a kind of metaphor that gives inanimate objects or abstract ideas human characteristics.

Bee! I'm Expecting You!
Emily Dickinson

Bee! I’m expecting you!
Was saying Yesterday
To Somebody you know
That you were due—

The Frogs got Home last Week—
Are settled, and at work—
Birds, mostly back—
The Clover warm and thick—

You’ll get my Letter by
The seventeenth; Reply
Or better, be with me—
Yours, Fly.

In “Bee! I’m expecting you!”, a poem by Emily Dickinson, personification is evident throughout the three stanzas. The first stanza personifies a bee, and how it was “saying Yesterday to Somebody [it] knew that [it] was due”. The second stanza personifies frogs, who “got home last week [and] are settled, and at work, birds who are “mostly back”. At the end of the poem the reader discovers that the narrator is actually a fly, and has written this poem as a letter to bee.

Link: Worsen the Ration

"Find ecstasy in life; the mere sense of living is joy enough."

~Emily Dickinson

Emily Dickinson

   Emily or should I say Poetess Dickinson was born in Amherst, Massachuetts on December 10, 1830. Emily lived secluded in the house she was born in, except for the short time she attended Amherst Academy and Holyoke Female Seminary, until her death on May 15, 1886 due to Bright's disease.
   Emily was an energetic and outgoing woman while attending the Academy and Seminary. It was later, during her mid-twenties, that Emily began to grow reclusive. She attended almost exclusively to household chores and to writing poetry.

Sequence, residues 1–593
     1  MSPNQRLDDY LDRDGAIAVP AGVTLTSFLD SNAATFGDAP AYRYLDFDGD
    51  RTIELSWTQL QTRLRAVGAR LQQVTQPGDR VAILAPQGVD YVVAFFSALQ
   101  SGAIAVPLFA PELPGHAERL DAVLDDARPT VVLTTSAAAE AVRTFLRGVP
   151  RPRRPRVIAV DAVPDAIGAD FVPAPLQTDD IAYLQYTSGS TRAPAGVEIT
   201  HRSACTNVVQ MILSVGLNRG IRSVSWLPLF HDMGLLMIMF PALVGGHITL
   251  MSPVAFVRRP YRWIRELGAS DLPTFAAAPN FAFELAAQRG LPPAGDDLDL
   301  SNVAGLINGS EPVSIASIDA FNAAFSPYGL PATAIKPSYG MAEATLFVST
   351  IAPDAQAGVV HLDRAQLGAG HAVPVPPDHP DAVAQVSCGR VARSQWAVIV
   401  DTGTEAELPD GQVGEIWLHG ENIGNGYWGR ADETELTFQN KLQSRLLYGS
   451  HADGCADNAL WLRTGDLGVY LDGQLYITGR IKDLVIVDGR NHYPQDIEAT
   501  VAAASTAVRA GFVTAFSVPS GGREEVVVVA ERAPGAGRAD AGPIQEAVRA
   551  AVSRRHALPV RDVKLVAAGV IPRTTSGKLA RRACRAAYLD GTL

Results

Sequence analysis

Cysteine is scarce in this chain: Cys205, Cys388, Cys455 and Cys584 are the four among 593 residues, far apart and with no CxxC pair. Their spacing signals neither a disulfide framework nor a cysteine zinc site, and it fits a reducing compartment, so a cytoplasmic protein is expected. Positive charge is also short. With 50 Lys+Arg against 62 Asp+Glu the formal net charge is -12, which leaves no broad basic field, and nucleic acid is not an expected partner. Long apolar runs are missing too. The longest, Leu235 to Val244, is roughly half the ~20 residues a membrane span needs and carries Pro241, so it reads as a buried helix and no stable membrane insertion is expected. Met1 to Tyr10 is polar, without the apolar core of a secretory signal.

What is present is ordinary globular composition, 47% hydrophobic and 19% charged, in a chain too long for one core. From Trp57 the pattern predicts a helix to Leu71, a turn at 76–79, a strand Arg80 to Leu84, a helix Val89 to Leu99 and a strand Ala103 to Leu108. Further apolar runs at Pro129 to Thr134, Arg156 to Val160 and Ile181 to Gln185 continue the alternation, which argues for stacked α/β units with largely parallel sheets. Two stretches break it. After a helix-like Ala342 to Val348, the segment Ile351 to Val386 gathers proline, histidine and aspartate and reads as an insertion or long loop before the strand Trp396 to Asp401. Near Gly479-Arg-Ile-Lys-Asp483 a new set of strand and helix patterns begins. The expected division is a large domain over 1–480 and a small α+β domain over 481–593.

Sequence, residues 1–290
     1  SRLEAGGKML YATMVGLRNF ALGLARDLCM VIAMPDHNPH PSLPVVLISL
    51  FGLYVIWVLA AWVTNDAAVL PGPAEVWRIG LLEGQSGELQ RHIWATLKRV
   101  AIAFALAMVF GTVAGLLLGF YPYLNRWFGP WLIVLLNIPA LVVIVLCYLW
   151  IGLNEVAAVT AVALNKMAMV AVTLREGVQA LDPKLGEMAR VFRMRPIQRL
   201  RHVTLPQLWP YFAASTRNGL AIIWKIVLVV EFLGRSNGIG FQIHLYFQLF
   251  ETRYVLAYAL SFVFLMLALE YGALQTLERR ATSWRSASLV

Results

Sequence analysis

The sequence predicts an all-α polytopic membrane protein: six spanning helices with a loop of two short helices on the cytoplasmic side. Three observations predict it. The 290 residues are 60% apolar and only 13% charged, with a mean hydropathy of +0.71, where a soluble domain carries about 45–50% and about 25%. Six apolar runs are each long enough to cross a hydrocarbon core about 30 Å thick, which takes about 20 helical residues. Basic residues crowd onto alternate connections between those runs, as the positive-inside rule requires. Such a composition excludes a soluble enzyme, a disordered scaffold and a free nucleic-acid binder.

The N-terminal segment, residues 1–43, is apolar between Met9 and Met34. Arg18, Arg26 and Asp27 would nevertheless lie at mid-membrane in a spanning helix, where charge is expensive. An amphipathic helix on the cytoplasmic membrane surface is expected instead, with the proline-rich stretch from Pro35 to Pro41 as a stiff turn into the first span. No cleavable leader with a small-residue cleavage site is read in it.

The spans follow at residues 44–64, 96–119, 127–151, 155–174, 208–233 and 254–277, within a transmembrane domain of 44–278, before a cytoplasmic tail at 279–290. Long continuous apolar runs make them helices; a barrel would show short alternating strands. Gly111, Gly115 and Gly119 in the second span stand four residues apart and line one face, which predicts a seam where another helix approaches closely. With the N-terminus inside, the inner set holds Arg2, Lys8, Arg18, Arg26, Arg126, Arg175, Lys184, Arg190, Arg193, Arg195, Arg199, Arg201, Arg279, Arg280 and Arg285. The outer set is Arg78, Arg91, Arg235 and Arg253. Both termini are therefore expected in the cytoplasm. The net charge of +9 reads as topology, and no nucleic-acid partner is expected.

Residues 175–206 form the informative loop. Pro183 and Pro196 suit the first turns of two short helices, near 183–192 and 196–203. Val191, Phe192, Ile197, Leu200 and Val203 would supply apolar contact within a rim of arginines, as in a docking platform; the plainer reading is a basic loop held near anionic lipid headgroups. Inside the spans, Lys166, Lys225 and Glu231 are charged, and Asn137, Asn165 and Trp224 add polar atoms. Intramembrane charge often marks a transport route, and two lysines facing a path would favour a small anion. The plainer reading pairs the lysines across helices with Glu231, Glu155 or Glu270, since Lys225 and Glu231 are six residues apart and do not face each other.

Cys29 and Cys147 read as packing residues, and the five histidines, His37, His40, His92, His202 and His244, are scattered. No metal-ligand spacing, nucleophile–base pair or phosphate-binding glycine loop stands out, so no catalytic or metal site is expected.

Many scholars have tried to understand and theorize why Emily decided to seclude herself in her home and write about the most intimate experiences and feelings of life. I think that the best of these theories is that Emily could not write about the world with out first backing away from the it and contemplating it from a distance.
   Emily had a few friends and acquaintances from day to day. One of these aquaintances was Thomas Wentworth Higginson whom she sent a few pieces of her poetry to. He rejected her poems, but he was eventually the first to publish her work after her death. Emily only had a six or seven of her poems published during her lifetime--and those without her consent. The number is argued over because one poem was published more than once.
    It was after her death that her poems were discovered. It is estimated that Emily wrote over 1700 poems.